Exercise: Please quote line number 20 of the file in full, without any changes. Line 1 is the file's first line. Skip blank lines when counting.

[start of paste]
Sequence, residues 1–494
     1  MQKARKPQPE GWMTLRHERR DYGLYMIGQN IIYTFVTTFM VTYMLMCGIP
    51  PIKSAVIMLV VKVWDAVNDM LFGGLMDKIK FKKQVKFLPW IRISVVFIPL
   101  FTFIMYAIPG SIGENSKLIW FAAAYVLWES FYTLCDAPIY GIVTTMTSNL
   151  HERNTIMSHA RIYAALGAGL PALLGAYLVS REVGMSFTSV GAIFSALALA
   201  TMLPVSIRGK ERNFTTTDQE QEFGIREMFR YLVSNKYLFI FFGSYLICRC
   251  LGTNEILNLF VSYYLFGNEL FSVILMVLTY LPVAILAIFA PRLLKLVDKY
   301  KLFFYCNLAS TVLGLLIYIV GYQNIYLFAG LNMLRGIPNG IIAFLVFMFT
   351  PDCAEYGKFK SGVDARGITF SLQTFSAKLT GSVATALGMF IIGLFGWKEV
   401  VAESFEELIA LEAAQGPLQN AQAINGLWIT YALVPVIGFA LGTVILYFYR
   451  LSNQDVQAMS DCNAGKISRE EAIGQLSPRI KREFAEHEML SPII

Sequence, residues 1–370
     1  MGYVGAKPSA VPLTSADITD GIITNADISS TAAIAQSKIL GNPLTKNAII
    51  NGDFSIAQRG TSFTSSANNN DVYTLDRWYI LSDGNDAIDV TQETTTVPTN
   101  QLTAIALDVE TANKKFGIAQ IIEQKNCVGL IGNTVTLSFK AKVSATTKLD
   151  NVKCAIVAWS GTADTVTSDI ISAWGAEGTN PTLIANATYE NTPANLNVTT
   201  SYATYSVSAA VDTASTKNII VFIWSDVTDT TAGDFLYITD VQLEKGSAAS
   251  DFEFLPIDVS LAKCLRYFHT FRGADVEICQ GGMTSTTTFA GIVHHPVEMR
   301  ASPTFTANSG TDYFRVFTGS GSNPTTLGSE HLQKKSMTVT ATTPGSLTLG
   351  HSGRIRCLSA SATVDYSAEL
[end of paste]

   351  HSGRIRCLSA SATVDYSAEL